A decorated barkcloth, kapa, sample book, Hawaiian Islands
Book: 6 1/2in X 4 1/2in; each sample: 2 1/4in X 4in
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A collection of 48 classic 18th and early 19th century-style Hawaiian decorated kapa (tapa) samples, each with bold dyed and or watermarked designs.
According to Buck (1957:166), "Bark cloth is a product of tropical countries, and its manufacture encircles the globe... From museum specimens, it is evident that Polynesian barkcloth is superior, on the whole, to that made in any other area. Within Polynesia itself, though .... The Hawaiian bark cloth, kapa, displays the greatest varieties of texture and colored designs. (Captain Cook reserved his highest praise for the beauty and sophistication of this cloth.) In its manufacture, the Hawaiians developed some forms of technique not used elsewhere. Among these local developments was the extensive use of beaters with a variety of incised patterns that produced watermarks on the finished cloth, differing from the usual parallel lines made by the beaters of central and eastern Polynesia. The use of bamboo stamps to impress color designs on the cloth was also confined to Hawaii ...."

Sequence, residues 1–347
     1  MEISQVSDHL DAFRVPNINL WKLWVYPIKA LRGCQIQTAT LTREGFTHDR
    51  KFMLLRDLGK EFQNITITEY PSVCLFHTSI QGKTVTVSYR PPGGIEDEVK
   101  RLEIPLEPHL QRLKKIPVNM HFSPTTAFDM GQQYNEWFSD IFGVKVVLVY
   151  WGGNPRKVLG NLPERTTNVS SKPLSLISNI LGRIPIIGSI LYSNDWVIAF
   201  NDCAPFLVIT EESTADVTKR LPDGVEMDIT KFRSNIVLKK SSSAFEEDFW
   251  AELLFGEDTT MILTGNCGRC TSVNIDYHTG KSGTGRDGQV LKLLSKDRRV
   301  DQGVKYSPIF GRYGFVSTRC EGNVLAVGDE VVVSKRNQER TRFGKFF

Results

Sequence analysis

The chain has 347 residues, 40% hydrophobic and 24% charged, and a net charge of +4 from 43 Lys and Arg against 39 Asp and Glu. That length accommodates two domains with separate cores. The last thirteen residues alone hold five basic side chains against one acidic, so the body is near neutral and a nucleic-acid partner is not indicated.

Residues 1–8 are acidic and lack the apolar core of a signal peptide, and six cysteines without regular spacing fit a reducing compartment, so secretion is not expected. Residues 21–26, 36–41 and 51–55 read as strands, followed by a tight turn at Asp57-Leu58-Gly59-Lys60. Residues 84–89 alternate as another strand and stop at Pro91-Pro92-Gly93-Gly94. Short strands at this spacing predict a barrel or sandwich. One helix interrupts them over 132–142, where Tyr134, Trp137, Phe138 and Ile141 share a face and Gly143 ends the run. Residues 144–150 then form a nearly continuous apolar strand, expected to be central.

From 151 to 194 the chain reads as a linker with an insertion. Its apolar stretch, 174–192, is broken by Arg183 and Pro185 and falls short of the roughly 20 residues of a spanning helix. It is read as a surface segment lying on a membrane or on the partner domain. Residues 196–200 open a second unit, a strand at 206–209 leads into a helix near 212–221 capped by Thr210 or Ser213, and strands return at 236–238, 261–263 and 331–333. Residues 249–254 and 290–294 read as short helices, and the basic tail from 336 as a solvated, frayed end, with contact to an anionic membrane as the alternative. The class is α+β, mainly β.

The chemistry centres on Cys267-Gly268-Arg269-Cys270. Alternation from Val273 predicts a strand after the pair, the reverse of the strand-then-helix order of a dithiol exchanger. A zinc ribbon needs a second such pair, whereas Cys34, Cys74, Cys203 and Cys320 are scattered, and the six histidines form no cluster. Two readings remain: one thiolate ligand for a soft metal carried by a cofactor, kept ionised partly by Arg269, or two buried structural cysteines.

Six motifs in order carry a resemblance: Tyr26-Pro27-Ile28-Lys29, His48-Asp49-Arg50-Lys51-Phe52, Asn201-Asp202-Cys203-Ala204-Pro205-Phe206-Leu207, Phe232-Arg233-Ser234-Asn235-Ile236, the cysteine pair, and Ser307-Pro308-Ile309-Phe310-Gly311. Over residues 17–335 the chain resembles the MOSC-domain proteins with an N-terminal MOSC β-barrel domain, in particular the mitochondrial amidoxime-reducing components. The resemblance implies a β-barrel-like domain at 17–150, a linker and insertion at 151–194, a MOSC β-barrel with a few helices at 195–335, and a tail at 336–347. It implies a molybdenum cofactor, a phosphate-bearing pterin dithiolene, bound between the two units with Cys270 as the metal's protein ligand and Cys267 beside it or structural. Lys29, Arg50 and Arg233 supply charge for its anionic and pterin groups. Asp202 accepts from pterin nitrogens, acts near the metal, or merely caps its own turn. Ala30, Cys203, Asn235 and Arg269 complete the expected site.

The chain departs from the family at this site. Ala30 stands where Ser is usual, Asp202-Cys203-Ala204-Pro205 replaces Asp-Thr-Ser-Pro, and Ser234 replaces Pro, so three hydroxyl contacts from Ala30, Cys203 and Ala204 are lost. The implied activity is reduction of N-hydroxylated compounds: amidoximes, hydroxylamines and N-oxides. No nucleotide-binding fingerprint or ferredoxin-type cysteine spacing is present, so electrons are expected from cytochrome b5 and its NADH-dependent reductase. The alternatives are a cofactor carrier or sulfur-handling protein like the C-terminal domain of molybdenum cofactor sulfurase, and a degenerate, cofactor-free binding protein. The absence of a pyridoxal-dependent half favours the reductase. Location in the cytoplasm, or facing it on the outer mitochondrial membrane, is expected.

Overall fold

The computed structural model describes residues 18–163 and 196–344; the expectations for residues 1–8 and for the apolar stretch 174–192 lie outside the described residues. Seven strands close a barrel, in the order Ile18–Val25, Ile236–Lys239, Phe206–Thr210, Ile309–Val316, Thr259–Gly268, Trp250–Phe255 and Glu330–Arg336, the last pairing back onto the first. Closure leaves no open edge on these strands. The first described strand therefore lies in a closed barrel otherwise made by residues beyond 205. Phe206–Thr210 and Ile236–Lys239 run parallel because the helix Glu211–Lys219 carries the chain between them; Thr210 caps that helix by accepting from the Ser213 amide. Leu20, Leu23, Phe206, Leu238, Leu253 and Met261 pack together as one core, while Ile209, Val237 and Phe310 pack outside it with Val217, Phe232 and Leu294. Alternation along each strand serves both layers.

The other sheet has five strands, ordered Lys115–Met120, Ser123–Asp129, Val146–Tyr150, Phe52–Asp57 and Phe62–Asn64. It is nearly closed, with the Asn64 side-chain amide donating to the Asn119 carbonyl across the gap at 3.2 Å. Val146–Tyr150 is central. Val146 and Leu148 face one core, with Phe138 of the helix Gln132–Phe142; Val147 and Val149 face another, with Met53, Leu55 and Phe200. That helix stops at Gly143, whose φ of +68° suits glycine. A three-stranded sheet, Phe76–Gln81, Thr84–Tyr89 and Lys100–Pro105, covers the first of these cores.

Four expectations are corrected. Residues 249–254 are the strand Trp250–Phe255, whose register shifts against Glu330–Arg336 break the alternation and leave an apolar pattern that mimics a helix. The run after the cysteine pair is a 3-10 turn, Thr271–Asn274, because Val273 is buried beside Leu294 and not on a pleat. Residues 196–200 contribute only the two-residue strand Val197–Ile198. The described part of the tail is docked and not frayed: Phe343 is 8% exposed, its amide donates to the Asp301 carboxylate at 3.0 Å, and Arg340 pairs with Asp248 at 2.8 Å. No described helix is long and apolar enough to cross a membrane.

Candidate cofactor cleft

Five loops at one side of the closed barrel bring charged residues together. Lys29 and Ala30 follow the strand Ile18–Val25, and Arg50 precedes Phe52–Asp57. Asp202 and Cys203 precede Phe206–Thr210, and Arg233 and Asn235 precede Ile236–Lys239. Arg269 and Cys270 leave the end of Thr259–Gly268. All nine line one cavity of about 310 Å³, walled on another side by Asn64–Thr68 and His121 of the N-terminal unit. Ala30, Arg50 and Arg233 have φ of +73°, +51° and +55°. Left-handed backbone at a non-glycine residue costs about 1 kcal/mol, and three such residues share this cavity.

Leo Fortess Collection, Hawaii